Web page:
Kept up all night tending to patients on a flight to Paris, Montreal family physician Henry Coopersmith was insulted by Air Canada’s offer to compensate him for his effort with what he considered a paltry number of frequent flier miles. His flight was ruined, he had explained to the company, and he wanted Air Canada to give him two replacement tickets of equivalent value. Air Canada refused. When one of their lawyers responded to his complaints by writing that he was ethically obligated to care for the passengers (one had mixed alcohol with sleeping medications but was fine, another had a headache, and a third was having a panic attack) and therefore not entitled to anything beyond a small token of the company’s appreciation should they decide to offer it, Dr Coopersmith decided to sue.

The case -- surely one of the most complex and most consequential small-claims court cases decided in recent years -- wrapped up last month when Justice David L Cameron ruled largely in favour of Dr Coopersmith, awarding him $1,000. Dr Coopersmith believes the decision could establish legal precedent that would require airlines to pay doctors for their medical work and for any loss of enjoyment of the flight or their travel as a result of the flight.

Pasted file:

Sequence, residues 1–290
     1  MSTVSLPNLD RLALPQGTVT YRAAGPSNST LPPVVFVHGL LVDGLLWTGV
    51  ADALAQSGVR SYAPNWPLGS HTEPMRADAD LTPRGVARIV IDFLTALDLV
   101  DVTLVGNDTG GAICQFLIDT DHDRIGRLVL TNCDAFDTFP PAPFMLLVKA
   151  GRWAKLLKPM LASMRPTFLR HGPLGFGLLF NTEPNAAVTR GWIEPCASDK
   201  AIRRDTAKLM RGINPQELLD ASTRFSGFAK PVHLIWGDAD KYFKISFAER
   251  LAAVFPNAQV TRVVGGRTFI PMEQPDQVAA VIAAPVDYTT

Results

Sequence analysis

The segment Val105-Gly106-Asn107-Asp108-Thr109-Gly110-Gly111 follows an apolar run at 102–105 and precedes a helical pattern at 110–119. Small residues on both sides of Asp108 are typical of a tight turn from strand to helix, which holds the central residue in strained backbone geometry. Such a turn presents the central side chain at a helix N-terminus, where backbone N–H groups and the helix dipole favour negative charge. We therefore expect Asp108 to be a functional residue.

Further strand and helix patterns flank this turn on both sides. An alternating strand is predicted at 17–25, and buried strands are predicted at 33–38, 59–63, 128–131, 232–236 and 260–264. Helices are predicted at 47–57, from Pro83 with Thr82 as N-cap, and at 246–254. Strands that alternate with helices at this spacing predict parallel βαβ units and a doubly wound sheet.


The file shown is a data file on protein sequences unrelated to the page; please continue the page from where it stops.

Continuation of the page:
“I am exceptionally pleased with it,” Dr Coopersmith told Canadian Medicine. “It’s a real victory with respect to protecting health professionals, both with protecting their legal and ethical obligations.”

But don’t get him wrong, he says: he’s not some “greedy doctor” trying to “gouge” the airline, as one Canadian aviation website described him. Dr Coopersmith has no quibbles with doing assessments of patients to determine if they need emergency care, or with providing Good Samaritan care to patients in genuine emergencies. But if doctors are roused from their mid-air slumber (as he was after he had initially volunteered to evaluate the sick patients and determined there was no emergency) to deal with non-emergency cases that the airline’s employees can take care of, he believes they should be compensated for their time and effort.